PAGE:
This makes the idea of virginity a dangerous legend. People all over the world are subject to unscientific and invasive virginity tests as a metric of moral purity. These prove nothing because there is only about a 50% likelihood sexual intercourse will “break” a hymen. What’s more, vigorous exercises/activities such as dancing, swimming, or cycling can have the same effect.
“Breaking” is not the only lie, “loosening” is too. The truth is that the walls of your vagina are elastic — they’ll come back to their original size after expanding.
Pixabay thinks this is a hymen.
Rest assured, using tampons / menstrual cups or having sex with multiple people won't have any permanent effect on tightness. But even if they did, why should it matter? Is a woman’s worth defined by how pleasurable she is to a penis?
It follows that it is a misconception that virgins cannot use tampons or menstrual cups. Girls as young as 13 use both.
4: Plastic Pads are the Best Menstrual Products
In the showdown of menstrual cups vs. tampons vs. pads, cups take the win! They have so many benefits over plastic pads. There are no side-effects if your cup is made of medical grade silicone. They come at various prices and their reusability means they are less expensive than pads in the long run! A typical cup lasts 5-10 years while your plastic pad only lasts 12 hours.
Don't shy away from trying one only because you've never experienced penetration before. You're not alone, everyone’s a lil tight initially. Familiarise yourself with penetration by your own fingers over a few days before inserting the cup for the first time. Remember also to lube up with saliva, or by stimulating yourself, or if that doesn't work then with store-bought water-based lube. It may be daunting at first but its just you. There's nothing to fear from your own body!
Inserting and removing the cup can be tricky but you'll get the hang out if in a few tries! Read the instructions that come along with your menstrual cup or watch this tutorial. Make sure your hands are washed and your nails are cut!
Menstrual cups are also very easy to clean! You can sterilize your cup by bringing a pot of clean water to boil and then leaving your cup in it for 5 minutes. Sterilize before the first time you insert it and then after the last time you take it off that month.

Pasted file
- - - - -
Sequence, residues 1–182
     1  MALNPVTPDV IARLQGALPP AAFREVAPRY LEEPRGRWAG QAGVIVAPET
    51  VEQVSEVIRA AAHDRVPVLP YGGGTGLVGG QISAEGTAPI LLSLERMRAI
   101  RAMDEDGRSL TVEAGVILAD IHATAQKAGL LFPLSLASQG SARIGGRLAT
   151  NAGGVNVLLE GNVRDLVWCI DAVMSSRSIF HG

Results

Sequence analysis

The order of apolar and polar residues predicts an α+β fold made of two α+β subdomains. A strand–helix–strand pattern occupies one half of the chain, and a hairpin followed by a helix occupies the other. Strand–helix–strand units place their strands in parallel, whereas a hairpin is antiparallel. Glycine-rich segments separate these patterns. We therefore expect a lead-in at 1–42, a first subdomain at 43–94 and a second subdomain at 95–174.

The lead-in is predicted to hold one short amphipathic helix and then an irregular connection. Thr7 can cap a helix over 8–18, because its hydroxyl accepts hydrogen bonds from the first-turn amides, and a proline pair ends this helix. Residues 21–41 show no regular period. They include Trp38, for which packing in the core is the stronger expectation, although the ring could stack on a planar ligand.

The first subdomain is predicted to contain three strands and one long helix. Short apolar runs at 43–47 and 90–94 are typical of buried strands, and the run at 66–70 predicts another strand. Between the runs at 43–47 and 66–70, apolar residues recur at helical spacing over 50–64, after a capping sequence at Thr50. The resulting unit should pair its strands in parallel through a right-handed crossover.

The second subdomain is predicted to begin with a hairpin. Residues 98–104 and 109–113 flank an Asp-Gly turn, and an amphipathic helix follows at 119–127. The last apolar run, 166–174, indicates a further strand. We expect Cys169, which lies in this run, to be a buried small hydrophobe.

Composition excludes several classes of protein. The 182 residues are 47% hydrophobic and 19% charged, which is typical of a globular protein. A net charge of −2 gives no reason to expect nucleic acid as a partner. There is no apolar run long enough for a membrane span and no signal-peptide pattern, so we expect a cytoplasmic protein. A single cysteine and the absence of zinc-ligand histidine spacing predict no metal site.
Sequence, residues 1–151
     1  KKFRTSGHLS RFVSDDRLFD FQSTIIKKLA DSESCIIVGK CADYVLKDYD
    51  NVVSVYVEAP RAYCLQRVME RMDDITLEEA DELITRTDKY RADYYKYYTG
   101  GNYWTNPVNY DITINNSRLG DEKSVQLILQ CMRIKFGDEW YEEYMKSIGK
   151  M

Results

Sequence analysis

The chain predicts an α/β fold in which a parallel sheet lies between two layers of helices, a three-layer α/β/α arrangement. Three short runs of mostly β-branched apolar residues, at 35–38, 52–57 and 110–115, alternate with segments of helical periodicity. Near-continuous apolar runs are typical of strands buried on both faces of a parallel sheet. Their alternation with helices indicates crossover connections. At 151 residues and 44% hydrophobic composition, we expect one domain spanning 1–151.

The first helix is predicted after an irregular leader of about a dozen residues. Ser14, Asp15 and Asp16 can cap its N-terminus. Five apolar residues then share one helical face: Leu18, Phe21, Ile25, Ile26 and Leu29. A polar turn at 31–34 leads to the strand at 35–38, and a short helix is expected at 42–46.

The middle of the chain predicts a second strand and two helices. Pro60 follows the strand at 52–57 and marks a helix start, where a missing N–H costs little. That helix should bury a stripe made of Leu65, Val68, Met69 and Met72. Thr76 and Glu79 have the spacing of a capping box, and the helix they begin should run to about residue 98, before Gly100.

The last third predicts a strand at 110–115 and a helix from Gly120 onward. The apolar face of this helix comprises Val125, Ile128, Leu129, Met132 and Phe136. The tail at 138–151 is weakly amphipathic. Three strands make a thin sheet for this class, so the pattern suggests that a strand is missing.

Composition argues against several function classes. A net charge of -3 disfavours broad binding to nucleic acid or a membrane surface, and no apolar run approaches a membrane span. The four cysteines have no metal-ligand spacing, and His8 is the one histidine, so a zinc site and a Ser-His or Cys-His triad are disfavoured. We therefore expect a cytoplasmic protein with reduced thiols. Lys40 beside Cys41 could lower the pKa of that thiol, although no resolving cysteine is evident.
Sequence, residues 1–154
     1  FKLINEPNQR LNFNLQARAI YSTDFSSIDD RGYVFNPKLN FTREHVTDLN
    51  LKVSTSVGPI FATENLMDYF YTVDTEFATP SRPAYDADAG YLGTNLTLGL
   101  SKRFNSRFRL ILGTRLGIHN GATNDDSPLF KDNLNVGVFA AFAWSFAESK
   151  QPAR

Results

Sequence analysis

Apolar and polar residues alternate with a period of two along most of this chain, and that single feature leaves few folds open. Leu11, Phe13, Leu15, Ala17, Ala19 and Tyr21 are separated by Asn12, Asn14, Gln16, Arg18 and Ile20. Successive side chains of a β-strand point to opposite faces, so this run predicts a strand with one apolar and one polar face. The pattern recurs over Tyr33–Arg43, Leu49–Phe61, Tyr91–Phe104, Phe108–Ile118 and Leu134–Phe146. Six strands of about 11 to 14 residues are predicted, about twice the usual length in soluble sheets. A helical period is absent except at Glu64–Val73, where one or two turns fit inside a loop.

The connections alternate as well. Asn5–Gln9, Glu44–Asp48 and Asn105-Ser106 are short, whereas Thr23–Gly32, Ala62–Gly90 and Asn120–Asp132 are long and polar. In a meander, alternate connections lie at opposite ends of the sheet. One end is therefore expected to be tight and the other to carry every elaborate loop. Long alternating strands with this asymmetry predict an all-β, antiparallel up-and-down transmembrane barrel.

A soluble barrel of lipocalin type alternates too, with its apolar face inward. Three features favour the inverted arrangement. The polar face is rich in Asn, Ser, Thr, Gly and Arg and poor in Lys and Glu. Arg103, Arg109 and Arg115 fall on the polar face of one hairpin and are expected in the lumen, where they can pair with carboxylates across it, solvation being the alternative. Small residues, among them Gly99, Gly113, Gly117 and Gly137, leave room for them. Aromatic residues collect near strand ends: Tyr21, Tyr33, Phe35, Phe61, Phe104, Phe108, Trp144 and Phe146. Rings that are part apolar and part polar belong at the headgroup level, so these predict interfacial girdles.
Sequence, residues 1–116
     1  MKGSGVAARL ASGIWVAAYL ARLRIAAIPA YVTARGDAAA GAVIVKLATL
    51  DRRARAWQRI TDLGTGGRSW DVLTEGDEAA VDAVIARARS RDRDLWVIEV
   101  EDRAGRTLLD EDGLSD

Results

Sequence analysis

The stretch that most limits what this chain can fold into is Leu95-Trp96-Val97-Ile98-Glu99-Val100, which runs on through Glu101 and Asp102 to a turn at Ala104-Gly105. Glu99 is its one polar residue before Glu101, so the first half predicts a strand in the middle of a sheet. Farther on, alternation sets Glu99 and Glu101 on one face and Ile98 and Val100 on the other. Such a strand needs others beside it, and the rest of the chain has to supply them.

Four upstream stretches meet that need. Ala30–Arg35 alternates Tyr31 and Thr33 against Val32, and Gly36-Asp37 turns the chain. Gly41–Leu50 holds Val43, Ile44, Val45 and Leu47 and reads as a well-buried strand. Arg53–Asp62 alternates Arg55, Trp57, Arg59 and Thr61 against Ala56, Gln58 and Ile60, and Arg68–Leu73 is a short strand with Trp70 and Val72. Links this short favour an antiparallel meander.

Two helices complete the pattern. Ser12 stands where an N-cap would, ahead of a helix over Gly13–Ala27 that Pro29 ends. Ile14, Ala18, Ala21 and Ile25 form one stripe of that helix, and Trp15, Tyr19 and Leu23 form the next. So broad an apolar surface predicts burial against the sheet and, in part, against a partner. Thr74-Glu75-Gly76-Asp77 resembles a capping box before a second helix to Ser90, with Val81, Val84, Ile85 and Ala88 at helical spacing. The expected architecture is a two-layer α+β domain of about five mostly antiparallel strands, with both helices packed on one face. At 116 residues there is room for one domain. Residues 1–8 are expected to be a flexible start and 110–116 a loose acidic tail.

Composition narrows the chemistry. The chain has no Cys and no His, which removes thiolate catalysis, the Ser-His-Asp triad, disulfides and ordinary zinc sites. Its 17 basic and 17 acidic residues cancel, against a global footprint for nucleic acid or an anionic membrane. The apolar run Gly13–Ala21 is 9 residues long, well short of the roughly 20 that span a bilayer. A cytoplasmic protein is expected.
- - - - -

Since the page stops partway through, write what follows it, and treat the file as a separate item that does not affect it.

Cups are also much better for the environment. Reducing your carbon footprint is an added win!
However, menstrual cups may not be the best option for you if you have:
pelvic floor injuries
sensory issues with certain textures / smells
Take the best call for your own body! Your health and comfort come first.
I know what you're thinking but tampons and cups cannot get lost inside you! It’s just not physically possible. Our vaginal canals are too tiny. It may seem to be lost for a bit if you can’t locate the stem, but there really isn’t enough space for it to go swimming into the deep sea, never to be found again.
5: You Can Have Unprotected Sex On Your Period
Friends will tell you they never use protection during this time and they’ve never gotten pregnant. Period apps will tell you you’re at a 10% probability of getting pregnant on your period. But 10% is not 0%, and period-conceived babies are more common than you’d think.
Also, periods don’t make you immune to getting STDs. Use protection when having period sex and any other sex!
6: There's Something Wrong With You
And this next one is a big one: intercourse is not meant to be painful! Not even the first time! If you are experiencing pain, your body may not be ready. Try exercising your vaginal opening with your fingers to help understand your own boundaries, and always always always lube up with saliva or stimulation!
And don’t expect to finish when he does. Orgasms occur when enough blood surges to the sensitive parts of the genitalia, which usually surround the clitoris more than the vaginal opening. Only about 18% of women orgasm through penetrative sex. So if you're not enjoying what's happening, you're not alone! There's nothing wrong with you.
Communicate with your partners to find what works for you. Or read up and DIY it on your own! Regardless, foreplay is your best friend!
So go ahead and masturbate or have (protected) sex or do anything else you’ve been avoiding because you were taught to be afraid of your body!
If you want to try the menstrual cup or another eco period product, hop over to NHL's Period Paradise Earth Mission! This is your one-stop-shop guide to making the switch - at your own pace. This Earth Mission is full of incredible menstruators all learning and guiding one another through this journey!
I'm ready to take the plunge and live without these fears based on fiction. Are you?